The state of Florida has a request for graduates this commencement season: Stay in Florida.
The push to keep Florida graduates in the Sunshine State was a constant theme during the 2016 Degrees to Jobs Summit at the Loews Portofino Bay Hotel at Universal Orlando. The two-day summit wrapped up Thursday with a series of panels focused on keeping graduates in Florida.
“When I graduated from University of Florida, so many of my classmates left Florida. They went to Austin, they went to Boston, they went to Charlotte, they went to Atlanta,” said Agriculture Commissioner Adam Putnam. “We can reverse that flow, and we must reverse that flow.”
Experts said there were plenty of ways to do that, including boosting partnerships with colleges and universities, creating more internships, and maintaining a statewide clearinghouse to connect new graduates with prospective employers.
“We want to make sure all the employers here are really connected to the graduates, because then you can keep them in the state and they can be productive citizens, and we can keep our economy growing,” said Cissy Proctor, the executive director of the Florida Department of Economic Opportunity.
Maggie Laureano, the vice president for human resources at Embraer Aircraft Holdings, said her firm partners with local colleges and universities. The company also recently created a partnership with a high school in Brevard County so it can begin working with younger students.
Laureano said the company is hoping to hire 200 engineers in the next year and a half, which could mean more new jobs for recent graduates.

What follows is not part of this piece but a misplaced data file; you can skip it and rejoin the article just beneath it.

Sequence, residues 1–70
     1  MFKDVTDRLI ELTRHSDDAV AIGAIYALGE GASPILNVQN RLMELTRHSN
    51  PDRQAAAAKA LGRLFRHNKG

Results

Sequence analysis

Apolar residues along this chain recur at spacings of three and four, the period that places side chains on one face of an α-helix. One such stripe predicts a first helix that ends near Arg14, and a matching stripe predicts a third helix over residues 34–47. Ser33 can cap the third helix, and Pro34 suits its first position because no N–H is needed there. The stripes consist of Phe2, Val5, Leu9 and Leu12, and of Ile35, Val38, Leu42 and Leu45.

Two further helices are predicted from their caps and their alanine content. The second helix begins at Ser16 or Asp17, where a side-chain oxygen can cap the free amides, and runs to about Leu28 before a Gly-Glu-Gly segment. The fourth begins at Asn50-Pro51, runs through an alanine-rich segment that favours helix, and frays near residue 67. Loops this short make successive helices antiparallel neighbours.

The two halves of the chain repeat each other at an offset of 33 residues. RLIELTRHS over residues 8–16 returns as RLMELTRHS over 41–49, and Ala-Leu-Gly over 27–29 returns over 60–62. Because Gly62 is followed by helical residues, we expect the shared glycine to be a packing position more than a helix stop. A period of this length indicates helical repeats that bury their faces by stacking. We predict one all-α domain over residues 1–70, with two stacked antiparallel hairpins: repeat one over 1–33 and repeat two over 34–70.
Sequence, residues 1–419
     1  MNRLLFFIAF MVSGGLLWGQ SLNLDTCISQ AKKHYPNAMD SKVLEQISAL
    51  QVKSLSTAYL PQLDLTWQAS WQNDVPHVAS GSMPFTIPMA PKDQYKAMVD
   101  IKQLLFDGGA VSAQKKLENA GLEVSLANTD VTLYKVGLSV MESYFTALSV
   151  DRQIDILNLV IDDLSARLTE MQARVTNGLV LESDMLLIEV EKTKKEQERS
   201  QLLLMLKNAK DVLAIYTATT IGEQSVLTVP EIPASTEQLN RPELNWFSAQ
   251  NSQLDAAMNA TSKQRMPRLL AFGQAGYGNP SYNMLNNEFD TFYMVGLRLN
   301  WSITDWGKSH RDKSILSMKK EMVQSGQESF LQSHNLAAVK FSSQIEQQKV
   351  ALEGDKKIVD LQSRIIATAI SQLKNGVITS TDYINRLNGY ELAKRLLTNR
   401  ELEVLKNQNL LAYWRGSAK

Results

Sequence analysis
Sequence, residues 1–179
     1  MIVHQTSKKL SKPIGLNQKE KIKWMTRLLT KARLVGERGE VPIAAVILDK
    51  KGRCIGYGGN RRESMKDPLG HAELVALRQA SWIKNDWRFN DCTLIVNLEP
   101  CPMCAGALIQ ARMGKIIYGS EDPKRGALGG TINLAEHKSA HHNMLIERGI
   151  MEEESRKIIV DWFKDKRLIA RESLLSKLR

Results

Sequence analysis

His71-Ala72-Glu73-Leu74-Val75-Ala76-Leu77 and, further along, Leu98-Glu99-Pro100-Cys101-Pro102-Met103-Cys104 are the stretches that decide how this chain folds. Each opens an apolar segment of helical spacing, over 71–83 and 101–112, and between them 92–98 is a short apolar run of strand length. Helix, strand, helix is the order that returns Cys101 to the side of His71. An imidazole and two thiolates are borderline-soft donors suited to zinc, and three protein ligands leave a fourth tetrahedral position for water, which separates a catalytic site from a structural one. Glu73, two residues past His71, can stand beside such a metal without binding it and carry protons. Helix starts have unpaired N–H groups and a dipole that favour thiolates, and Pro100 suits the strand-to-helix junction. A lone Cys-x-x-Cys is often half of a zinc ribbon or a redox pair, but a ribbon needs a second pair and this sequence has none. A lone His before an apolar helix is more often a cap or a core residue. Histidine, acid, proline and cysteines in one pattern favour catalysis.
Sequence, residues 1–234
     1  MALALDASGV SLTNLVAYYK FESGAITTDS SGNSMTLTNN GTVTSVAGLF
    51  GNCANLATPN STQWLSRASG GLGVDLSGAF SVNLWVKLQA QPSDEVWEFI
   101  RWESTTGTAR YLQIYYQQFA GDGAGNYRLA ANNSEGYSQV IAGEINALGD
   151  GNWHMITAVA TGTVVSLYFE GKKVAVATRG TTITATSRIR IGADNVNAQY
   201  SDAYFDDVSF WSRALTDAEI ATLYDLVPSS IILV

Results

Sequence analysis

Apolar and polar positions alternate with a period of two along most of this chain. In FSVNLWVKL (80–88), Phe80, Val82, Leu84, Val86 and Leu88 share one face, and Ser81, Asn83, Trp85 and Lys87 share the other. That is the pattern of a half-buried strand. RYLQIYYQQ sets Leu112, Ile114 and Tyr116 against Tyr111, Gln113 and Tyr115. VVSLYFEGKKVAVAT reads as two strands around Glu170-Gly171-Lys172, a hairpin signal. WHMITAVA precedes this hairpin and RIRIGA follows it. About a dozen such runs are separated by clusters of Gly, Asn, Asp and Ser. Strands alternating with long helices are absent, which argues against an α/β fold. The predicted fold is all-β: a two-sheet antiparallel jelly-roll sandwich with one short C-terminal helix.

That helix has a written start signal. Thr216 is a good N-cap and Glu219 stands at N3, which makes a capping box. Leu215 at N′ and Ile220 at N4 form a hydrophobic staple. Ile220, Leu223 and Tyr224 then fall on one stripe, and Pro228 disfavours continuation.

John Sprouls, the executive vice president and chief administrative officer for Universal Parks and Resorts, said Universal Orlando regularly hires interns from Florida’s colleges and universities. And a significant number of those, he said, end up with a full-time job after college.
And those jobs aren’t just ones working in the parks concession stands or selling tickets. The company, he said, covers everything from data analytics and hospitality to the entertainment business.
“Our team members are the best in the business,” he said.
Sprouls, who is on the University of Central Florida’s board of trustees, said the company has several partnerships with colleges and universities. It has also created a partnership with Orange County Public Schools to help students focus on career readiness.
The two-day summit featured dozens of speakers, and aimed to connect the business community with higher education officials. Gov. Rick Scott also used the event to challenge state colleges and universities to do whatever they can to help students graduate in four years.
The Sunshine State shouldn’t be reserved for successful retirees, said Putnam.
“Florida is, was, and will continue to be a prize innovators reward themselves with at the end of the successful career. But if we really want to draw that creative class four decades sooner than we’re getting them today, it begins with higher education,” he commented.
“As a farmer, I would say that is our seed corn. Our K-12 teachers are better if higher ed is outstanding. Our individual universities are better if the system is better. Communities and employers have greater options to find talent within the state rather than looking across state lines if our higher education system is better. It is the key to the cluster of benefits [and] amenities people expect in a 21st-century economy.”
Putnam continued: “And Florida, in addition to being the prize for a life well lived someplace else at the end of a successful career, can be the magnet to steal talent from states and nations all over this globe who are attracted to the focus of this governor, of this Legislature and of this committed group individuals are bringing to higher education in the Sunshine State.”